Create your declutter attack plan. Plan the order of the rooms you want to declutter. Start off with some easy rooms to get you in the “declutter zone.” If the room has closets, start of with those before you move the rest of the room. If the room has cabinets, purge those first.

Create a “trash” bag an”eBay” bag, and “donate” bag. Have separate bags or boxes for garbage and eBay and sort as you go. Some items, like clothing, are better to donate than sell on eBay simply because they don’t do that well on eBay. Make sure to have bags for donations as well.

Ask the “one year question.” If you’re not sure whether you should get rid of something, ask yourself “Have I used this item in the last year?” If you haven’t it goes; if you have, keep it.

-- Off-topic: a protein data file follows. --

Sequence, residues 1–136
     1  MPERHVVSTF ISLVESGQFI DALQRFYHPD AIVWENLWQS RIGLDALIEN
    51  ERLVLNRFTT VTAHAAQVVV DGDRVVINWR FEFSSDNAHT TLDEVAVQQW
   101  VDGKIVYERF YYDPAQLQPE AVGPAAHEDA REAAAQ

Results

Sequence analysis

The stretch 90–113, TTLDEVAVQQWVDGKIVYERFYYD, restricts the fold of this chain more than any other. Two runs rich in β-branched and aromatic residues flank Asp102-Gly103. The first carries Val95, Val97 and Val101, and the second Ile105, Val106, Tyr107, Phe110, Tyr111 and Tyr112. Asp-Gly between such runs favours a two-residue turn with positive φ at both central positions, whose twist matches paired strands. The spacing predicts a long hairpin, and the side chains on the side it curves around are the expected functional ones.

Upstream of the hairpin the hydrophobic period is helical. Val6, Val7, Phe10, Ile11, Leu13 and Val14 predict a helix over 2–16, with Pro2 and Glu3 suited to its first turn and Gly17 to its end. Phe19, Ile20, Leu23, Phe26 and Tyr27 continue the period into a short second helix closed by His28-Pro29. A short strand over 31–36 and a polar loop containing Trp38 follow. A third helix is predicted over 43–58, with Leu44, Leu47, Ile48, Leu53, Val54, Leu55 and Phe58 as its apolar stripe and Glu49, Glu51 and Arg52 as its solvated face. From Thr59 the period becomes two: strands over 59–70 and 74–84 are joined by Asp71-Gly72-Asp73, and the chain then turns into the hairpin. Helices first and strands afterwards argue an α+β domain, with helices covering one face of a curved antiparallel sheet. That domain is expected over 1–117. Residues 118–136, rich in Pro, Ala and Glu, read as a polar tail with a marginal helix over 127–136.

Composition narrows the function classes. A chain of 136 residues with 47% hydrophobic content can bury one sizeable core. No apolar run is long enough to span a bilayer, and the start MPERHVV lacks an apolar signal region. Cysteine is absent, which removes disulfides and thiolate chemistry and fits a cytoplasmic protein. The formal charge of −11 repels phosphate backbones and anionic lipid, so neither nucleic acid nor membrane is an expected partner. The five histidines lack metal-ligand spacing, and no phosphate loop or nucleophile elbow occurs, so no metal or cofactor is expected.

Finish a room before going on the next one. Stay focused on one room at a time. If you try to purge more than one room at a time, you’ll overwhelm yourself and end up quiting before the job is done.

Chunk it or donate it. Take the trash bag and put out with the garbage. Drop the donate bags to Goodwill. Ahhh… doesn’t that feel good?

The Profit

Now it’s time to sell your stuff on eBay. Here’s what has helped my wife and I get maximum profits on our eBay sales.

Research what similar items have sold for. Find out what the eBay market is valuing your item at. If you set too high a price, you won’t get any bids. Just get on eBay’s advanced search to see what items like yours have sold for and how much they are auctioning for now. Take into account the item’s condition when researching as well. If it has some dings and flaws, you should look to start the bid out lower than other items.